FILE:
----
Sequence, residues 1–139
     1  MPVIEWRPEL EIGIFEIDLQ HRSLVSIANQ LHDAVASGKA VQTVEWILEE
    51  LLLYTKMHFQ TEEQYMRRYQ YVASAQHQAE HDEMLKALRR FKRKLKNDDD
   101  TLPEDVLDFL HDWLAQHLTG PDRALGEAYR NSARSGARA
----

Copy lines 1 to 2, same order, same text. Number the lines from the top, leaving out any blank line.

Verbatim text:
Sequence, residues 1–139
     1  MPVIEWRPEL EIGIFEIDLQ HRSLVSIANQ LHDAVASGKA VQTVEWILEE